For any fluid handling system the flow rate adjusts itself to give a pressure drop in the system equal to the difference between the entrance and exit pressures. The case of a viscous flow tube injector can be idealized as shown in Fig. 2. It consists of a reservoir, a constriction (valve), a resistive viscous flow section, and an exhaust into vacuum. Measuring the pressure at some position down the tube, as is done for the purposes of valve feedback control, completely specifies the flow rate of the injector. For this reason the equations describing the viscous flow tube injector relate the flow rate to the pressure drop from the transducer position down stream to the vacuum chamber.
At the upstream end of the tube flow is spatially uniform with a velocity u related to the mass flow rate Qm by the continuity equation
u = Qm/ρA (1)
where ρ is the gas density and A is the tube cross-sectional area. As the gas moves downstream, viscous boundary layers grow on the wall dissipating energy and causing a pressure drop. Since the flow rate must remain constant for steady low, as viscosity slows the gas near the wall the potential low core of uniform velocity must accelerate so that the mean velocity ū now satisfies Eq. (1). Although a complete description of this developing flow is only susceptible to numerical analysis, a simple estimate of the effects of the boundary layer can be made.
The boundary layer thickness δ * on a flat plate grown as 
δ * = 1.72 (νx/U)1/2 = 1.72x/(Rex), (2)
where U is the free stream velocity, νη/ρ is the kinematic viscosity, η is the coefficient of viscosity, x is the distance downstream, and Re = ρUx/ η is the Reynolds number based on the length x. δ* is the displacement, or momentum thickness of the layer, appropriate to the constriction and acceleration of the uniform core flow. Similarly, the shear stress, σ, along the plate is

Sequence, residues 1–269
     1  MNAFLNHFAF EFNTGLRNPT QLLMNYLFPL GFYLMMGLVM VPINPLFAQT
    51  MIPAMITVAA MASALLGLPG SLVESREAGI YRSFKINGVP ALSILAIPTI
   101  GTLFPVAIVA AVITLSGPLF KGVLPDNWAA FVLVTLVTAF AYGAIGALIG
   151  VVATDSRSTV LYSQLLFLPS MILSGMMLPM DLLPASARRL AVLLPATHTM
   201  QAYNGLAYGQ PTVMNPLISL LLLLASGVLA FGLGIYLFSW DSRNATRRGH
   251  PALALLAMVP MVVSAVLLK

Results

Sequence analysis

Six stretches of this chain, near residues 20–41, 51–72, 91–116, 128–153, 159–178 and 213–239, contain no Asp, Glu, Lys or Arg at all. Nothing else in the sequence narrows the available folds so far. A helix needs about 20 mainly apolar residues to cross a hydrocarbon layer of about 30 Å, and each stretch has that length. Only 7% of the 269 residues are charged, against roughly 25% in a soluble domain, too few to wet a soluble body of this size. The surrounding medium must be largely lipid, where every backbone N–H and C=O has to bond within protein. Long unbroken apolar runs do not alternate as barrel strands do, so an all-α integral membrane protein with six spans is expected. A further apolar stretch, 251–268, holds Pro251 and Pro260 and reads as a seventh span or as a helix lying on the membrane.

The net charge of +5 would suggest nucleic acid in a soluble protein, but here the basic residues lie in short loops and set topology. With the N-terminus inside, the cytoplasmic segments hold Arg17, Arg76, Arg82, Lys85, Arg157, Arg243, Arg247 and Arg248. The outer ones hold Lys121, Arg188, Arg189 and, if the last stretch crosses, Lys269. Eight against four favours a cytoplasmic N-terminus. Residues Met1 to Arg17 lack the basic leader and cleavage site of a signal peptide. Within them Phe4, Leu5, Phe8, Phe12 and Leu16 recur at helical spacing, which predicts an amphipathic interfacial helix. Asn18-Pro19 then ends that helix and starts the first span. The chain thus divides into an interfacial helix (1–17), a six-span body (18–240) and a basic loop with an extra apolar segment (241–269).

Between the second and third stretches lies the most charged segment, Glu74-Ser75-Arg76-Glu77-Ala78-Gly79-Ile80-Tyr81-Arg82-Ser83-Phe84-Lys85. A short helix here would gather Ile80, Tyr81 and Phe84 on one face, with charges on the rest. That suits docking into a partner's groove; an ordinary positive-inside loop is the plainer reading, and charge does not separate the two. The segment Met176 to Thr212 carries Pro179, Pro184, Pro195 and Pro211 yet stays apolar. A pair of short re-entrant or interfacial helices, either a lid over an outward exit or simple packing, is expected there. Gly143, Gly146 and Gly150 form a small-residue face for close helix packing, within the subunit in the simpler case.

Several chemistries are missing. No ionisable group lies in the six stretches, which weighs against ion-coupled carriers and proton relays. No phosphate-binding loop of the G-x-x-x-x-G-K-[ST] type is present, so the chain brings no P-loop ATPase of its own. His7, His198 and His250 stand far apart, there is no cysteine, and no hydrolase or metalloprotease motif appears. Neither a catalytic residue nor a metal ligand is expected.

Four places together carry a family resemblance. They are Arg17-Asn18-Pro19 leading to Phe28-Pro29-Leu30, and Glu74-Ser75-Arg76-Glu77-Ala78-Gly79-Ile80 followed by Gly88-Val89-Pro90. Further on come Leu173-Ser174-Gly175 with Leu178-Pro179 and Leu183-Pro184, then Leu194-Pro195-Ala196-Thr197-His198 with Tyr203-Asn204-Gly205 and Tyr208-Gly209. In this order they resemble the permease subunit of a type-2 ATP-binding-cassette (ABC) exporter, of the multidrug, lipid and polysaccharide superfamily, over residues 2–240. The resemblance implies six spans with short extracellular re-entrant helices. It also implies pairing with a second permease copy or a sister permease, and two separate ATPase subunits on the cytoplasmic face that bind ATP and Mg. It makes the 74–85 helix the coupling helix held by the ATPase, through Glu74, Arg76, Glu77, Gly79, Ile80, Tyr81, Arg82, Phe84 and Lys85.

σ = 0.33 (ηρU3/x)1/2 (3)
For the pipe flow considered here, Eq. (2) indicates that as the core, or free stream, flow accelerates due to the constriction, the boundary layer growth rate will decrease. The boundary layer thickness will grow as √x until the core is restricted (i.e., δ*/α is significant), then δ* grows more slowly. In the tube, we have
σ = 0.57 (ηU/ δ*) ≈- (α./2)(dp/dx) (4)
dp/dx = - (2/α)(0.57)(ηU/δ*) (5)
The pressure drop per unit length should be approximately constant, as the core flow accelerates, since δ* grows slowly.
Equations (2)-(5) give an estimate of the thickness of the boundary layer in the tube and the pressure drop resulting from it. The boundary layer grows down the tube until either the tube ends or it is completely filled by the viscous layer. In this latter case, the flow eventually relaxes to a constant velocity profile with viscosity important throughout the tube. This flow is known as Poiseuille flow.
In Poiseuille flow, the pressure drop along the pipe ∆p is related to the pipe parameter  as
∆p = 8ηūl/α2 (6)
The pressure drop along the pipe is
dp/dx = - 8ηū/α2 = - 8ηQm/πρa4 (7)
If we assume that the flow is at constant temperature, then p is linearly related to ρ through p = ρR T, where R = R/, R is the universal gas constant and m is the molecular weight. Using this and integrating Eq. (7), we find
p2 = (l6ηQml /πα4)RT (8)
where we have assumed that the exit pressure is zero. Note that the flow acceleration due to the pressure drop along the pipe is included as a 1/ρ term in Eq. (7).
If the length of tube where the boundary layer grows is short compared to the overall length, then the pressure drop will be described by the Poiseuille flow Eqs. (6)-(8). The length of tube required for transition to Poiseuille flow has been calculated by Langhaar, for a laminar, incompressible, constant density flow. The flow was found to develop as a function of the parameter σt= x/D ReD, where D = 2a is the tube diameter and ReD = ρUD/η is the Reynolds number based on that diameter. The approximate length to transition
1t= 0.227aReD (9)
The flow is in the early stages of transition if σt « 1. This analysis includes the acceleration of the flow due to constriction by the boundary layer, but does not include the acceleration due to the dropping density as the pressure decreases down the tube. Thus, this estimate is a lower limit in the present case.
When considering the pressure drop of fully developed pipe flow, the Reynolds number must be small enough to ensure laminar flow. Otherwise the pressure drop is significantly higher due to turbulence. In fully developed pipe flow the transition to turbulence occurs at a critical Reynolds number of about 2,100.
Reт = ρuD/η ≈ 2100. (10)
The transition to turbulence is directly proportional to the flow rate Q. However, when the tube is too short to permit full flow development, the critical Reт can be much higher.